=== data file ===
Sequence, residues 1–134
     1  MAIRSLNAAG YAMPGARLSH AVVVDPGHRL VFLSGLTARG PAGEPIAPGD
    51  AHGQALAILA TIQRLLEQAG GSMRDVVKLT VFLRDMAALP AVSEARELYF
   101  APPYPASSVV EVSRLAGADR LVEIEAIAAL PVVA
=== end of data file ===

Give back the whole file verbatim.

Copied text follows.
Sequence, residues 1–134
     1  MAIRSLNAAG YAMPGARLSH AVVVDPGHRL VFLSGLTARG PAGEPIAPGD
    51  AHGQALAILA TIQRLLEQAG GSMRDVVKLT VFLRDMAALP AVSEARELYF
   101  APPYPASSVV EVSRLAGADR LVEIEAIAAL PVVA